Submitted to: World Congress of Soil Science
Publication Type: Abstract Only
Publication Acceptance Date: 12/15/2006
Publication Date: 7/10/2006
Citation: Tugel, A.J., Brown, J.R., Andrews, S.S., Bestelmeyer, B.T., Herrick, J.E., Hipple, K.W. 2006. Characterizing soil change within the human time scale for resource assessment and prediction [abstract]. 18th World Congress of Soil Science. July 9-15, 2006, Philadelphia, Pennsylvania. Paper No. 16-4.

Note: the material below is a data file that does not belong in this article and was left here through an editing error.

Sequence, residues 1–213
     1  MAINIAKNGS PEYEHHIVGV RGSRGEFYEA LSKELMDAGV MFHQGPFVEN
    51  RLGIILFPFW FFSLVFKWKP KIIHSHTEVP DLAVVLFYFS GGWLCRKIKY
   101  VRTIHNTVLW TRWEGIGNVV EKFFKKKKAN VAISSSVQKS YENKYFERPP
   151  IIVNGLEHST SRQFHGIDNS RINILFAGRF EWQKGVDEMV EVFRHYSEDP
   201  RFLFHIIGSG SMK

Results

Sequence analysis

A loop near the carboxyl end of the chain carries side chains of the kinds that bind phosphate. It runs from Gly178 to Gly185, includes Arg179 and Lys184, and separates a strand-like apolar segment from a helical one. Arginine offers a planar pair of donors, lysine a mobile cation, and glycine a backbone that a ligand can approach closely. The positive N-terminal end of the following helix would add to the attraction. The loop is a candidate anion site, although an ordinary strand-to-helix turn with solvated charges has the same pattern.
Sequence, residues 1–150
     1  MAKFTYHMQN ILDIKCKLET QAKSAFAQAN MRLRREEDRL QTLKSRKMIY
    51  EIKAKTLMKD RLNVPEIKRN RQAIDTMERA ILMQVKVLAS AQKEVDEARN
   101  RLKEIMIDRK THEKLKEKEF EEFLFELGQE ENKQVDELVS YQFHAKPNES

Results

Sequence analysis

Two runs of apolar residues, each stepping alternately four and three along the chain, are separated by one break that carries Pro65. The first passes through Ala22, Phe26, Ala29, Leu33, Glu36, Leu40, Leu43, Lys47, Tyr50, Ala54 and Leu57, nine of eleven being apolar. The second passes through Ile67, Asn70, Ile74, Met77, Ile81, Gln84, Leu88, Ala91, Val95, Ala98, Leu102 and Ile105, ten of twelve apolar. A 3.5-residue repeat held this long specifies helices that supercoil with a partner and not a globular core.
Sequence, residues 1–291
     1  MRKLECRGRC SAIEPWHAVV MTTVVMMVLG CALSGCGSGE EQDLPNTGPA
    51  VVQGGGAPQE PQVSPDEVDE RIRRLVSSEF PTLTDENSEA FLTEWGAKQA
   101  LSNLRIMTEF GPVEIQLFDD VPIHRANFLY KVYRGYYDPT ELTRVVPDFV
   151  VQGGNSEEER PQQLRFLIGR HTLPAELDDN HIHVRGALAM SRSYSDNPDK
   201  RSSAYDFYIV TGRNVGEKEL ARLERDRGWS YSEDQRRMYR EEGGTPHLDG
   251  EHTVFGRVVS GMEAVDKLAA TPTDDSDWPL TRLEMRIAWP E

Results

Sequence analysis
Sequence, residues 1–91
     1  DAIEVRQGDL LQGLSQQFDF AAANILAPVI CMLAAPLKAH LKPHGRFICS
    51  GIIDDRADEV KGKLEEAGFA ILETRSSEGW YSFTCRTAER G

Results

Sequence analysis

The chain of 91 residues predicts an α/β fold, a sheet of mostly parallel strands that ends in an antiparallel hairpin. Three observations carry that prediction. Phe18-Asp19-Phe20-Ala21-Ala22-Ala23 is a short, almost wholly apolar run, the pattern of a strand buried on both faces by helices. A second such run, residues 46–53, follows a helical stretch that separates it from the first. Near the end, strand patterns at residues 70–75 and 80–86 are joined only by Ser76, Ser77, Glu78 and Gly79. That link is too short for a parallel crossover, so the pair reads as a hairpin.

Technical Abstract: Knowledge of soil conditions and the ability to predict soil response to changes in climate and management are essential for strategic resource planning and assessment at local, regional and global scales. Soil and its dynamic interactions as an ecosystem component, including anthropogenic impacts, must be characterized in order to portray causes and effects necessary to make useful predictions of future soil responses. There is sufficient expertise to achieve this goal, although it is fragmented and exists in a variety of disciplines including, among others, geomorphology, terrestrial, community and landscape ecology, ecophysiology, climatology, pedology, agronomy, range sciences, and forestry. Key processes involved in soil change are the transfer of energy and matter among communities within a landscape; feedbacks between the biotic and abiotic components; spatial and temporal patterning that reflects self-reorganization; and the threshold response within these processes that drives change in the system. The goal of this paper is to present necessary elements for integrated approaches to characterize soil change as one step toward multi-use enhancements of soil survey databases. The elements include the human time scale, attributes of soil change, disturbance impacts on ecological, pedogenic, and geomorphic processes, function-based soil resistance and resilience and non-equilibrium models. The human time scale should be defined on the basis of past human impacts on the land within the current climatic regime and likely periods of recovery, with respect to processes. Most generally stated, the human time scale covers decades to centuries. The current climate governs the geomorphic processes that are shaping or preserving the landscape today. Consequently, time zero of the human time scale should be no earlier than the beginning of the most recent episode of climatically-controlled landscape development, roughly 300-3000 years ago, even though human impacts may have occurred prior to that time. Because of the emphasis on geomorphic processes, this period differs from the Anthropocene. Predictions of soil response to management over the human time scale also require a time limit in the future. Some have proposed a management time period of decades based on common agricultural enterprise. However, the time frame of recovery must be included and it may be periods of centuries in arid and semi-arid systems where recovery of nutrients is slow and landscape aggradation and degradation processes are active. Data collection to characterize soil and its dynamic interactions within agricultural and non-agricultural ecosystems should be based on concepts that reflect change, metrics that can be measured or modeled, and conceptual models that represent biotic-abiotic interactions. Soil change is temporal variation in soil properties at a given location. Metapedogenesis provides a schematic representation of human impacts on pedogenesis and is designed to help organize research and long-term studies. Processes and concepts essential for characterizing soil change, which this author identifies as attributes of soil change, include state variables (dynamic soil properties), time changeability, reversibility, trends, rates, drivers, thresholds, and pathways of change. These attributes need to be quantified and used to calculate other function-based metrics, including resistance and resilience, which are vital parameters for sound resource management. The state and transition model as applied to rangeland ecosystems is capable of capturing non-equilibrium and non-linear dynamics of the effects of disturbances, such as management or climate change on plant-soil interactions. The state and transition model can provide a tool to organize soil-plant-disturbance information for both improved decision making at a wide variety of scales and generati